Lockheed Martin was awarded an almost $632 million contract for Hellfire missiles for the Netherlands and Japan, the U.S. Department of Defense said in a release.
The $631,757,949 fixed-price-incentive contract is to “procure a variety of Hellfire II missile variants in containers,” and has an estimated completion date of September 30, 2021, the Monday, October 1 release said.
The AGM-114 Hellfire is a 100-lb-class missile that can used against armored targets, vehicles, urban structures, boats and personnel. Although originally designed for helicopters, the missile can now be launched from air, sea and ground platforms.
It features a three-axis inertial measurement unit that enables the missile to engage targets to the front, side and behind without requiring the launcher to maneuver into position.
The Hellfire II is a modular missile and has a range of up to 8 km (8,750 yards).
Most variants are equipped with semi-active laser seeker, including the AGM-114K high-explosive anti-tank (HEAT), AGM-114M blast fragmentation, AGM-114N metal augmented charge.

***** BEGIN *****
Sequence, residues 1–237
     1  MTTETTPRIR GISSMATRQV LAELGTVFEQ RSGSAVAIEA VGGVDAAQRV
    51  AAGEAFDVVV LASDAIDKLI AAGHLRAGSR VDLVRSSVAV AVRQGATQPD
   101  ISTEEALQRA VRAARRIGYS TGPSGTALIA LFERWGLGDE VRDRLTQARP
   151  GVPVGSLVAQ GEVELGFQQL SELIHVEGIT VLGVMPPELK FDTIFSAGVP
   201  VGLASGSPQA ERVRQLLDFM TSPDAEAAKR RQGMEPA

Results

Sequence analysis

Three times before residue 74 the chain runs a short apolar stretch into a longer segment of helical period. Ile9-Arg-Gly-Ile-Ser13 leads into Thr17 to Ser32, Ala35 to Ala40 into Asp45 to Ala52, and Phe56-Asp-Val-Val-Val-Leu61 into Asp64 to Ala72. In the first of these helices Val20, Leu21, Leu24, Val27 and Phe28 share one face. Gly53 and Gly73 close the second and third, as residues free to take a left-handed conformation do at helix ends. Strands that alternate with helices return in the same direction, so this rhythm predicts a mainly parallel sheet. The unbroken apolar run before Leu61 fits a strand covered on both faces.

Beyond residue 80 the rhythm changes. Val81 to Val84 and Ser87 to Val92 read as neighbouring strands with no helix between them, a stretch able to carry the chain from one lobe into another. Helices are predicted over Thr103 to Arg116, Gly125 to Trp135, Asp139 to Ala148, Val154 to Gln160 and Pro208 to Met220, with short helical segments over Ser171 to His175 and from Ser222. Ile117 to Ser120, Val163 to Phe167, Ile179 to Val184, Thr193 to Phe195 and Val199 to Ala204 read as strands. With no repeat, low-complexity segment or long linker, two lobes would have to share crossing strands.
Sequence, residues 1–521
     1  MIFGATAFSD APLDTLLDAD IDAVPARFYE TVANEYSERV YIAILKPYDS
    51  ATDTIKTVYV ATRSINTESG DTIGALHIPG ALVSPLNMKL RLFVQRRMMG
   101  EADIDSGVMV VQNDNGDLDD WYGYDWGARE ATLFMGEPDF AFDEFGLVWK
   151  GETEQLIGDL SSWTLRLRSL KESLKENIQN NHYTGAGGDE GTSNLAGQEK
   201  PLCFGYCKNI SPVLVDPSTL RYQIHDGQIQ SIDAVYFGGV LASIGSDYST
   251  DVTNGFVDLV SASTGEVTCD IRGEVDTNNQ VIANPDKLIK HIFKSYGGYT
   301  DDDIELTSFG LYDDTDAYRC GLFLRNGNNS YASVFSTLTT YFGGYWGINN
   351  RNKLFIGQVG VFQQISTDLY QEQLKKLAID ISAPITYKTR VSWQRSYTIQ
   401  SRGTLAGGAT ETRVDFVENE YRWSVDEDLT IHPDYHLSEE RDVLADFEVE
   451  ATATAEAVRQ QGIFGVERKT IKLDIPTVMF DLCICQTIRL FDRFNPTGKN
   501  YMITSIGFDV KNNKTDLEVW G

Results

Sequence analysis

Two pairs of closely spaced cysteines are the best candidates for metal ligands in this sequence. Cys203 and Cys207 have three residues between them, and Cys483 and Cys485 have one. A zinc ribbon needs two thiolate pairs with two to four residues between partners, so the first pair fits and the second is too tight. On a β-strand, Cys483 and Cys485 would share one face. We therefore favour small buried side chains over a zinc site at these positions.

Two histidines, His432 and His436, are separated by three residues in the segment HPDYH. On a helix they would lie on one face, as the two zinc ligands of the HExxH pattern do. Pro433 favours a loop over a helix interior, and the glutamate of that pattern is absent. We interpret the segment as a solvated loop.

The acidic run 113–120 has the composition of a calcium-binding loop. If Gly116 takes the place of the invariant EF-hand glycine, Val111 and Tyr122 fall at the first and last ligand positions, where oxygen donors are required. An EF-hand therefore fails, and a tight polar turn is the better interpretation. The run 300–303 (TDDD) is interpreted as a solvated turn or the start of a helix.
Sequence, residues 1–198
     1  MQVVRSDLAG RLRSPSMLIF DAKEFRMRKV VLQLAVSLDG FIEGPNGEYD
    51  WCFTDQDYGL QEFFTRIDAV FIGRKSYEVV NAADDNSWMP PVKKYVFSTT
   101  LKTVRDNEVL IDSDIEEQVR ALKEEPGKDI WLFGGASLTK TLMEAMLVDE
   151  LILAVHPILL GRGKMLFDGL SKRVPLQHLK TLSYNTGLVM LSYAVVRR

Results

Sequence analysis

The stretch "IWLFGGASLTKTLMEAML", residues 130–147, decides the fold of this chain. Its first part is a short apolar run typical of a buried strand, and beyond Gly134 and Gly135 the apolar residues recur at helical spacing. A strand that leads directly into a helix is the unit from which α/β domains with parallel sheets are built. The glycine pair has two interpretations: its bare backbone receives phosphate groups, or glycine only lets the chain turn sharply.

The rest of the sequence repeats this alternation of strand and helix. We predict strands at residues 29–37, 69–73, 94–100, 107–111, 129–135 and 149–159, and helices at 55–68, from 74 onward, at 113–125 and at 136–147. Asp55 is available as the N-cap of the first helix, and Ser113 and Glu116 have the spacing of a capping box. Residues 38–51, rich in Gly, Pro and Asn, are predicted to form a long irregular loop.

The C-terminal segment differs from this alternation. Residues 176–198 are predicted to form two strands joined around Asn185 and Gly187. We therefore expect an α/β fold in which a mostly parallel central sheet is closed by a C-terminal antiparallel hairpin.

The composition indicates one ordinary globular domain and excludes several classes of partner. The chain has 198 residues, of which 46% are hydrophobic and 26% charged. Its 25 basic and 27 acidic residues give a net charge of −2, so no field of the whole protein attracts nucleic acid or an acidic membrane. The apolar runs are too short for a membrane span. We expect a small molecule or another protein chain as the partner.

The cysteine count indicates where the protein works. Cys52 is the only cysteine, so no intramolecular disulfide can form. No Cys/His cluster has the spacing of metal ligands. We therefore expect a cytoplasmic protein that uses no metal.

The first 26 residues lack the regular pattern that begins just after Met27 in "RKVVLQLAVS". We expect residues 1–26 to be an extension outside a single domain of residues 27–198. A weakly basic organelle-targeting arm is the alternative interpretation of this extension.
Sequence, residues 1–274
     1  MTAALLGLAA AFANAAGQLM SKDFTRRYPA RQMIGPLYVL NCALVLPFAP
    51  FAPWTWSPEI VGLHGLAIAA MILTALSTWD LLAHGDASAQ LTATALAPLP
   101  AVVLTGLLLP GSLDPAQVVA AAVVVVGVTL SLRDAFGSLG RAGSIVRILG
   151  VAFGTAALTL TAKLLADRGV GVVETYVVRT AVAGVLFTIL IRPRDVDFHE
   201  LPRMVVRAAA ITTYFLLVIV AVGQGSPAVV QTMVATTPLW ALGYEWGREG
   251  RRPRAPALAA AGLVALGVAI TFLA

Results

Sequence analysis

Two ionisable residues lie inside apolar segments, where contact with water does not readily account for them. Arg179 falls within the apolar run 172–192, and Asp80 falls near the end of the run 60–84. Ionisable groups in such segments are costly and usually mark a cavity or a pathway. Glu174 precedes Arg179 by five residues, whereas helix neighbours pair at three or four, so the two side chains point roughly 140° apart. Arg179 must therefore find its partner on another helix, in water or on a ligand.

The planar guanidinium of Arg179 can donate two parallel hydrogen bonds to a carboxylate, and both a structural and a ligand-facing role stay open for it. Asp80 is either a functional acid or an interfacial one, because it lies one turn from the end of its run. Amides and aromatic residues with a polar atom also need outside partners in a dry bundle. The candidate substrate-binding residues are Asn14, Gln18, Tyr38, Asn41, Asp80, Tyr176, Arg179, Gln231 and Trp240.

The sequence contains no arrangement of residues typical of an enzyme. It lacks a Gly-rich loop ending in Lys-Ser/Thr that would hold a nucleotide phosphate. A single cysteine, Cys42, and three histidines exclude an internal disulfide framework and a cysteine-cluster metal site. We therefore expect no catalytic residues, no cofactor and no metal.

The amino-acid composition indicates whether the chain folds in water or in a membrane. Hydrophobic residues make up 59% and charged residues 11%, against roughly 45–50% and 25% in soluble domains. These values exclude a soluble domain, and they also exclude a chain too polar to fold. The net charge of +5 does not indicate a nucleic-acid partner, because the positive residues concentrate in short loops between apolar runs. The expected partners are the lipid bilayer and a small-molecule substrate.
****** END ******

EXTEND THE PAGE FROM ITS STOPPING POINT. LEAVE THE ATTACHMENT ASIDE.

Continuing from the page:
The AGM-114R “Romeo” carries a K-charge multi-purpose warhead, enabling it to replace other variants in the U.S. inventory.
The AGM-114L, or Longbow Hellfire, is equipped with a millimeter wave radar seeker and needs no further guidance after launch. The fire-and-forget weapon can also lock-on after launch.
In September, Lockheed Martin was awarded almost $50 million by the U.S. Army for the procurement of its Hellfire replacement, the Joint Air-to-Ground Missile. In late June, the new JAGM system passed review, enabling it to enter low-rate initial production, and Lockheed said at the time that U.S. Army operational capability is expected this year.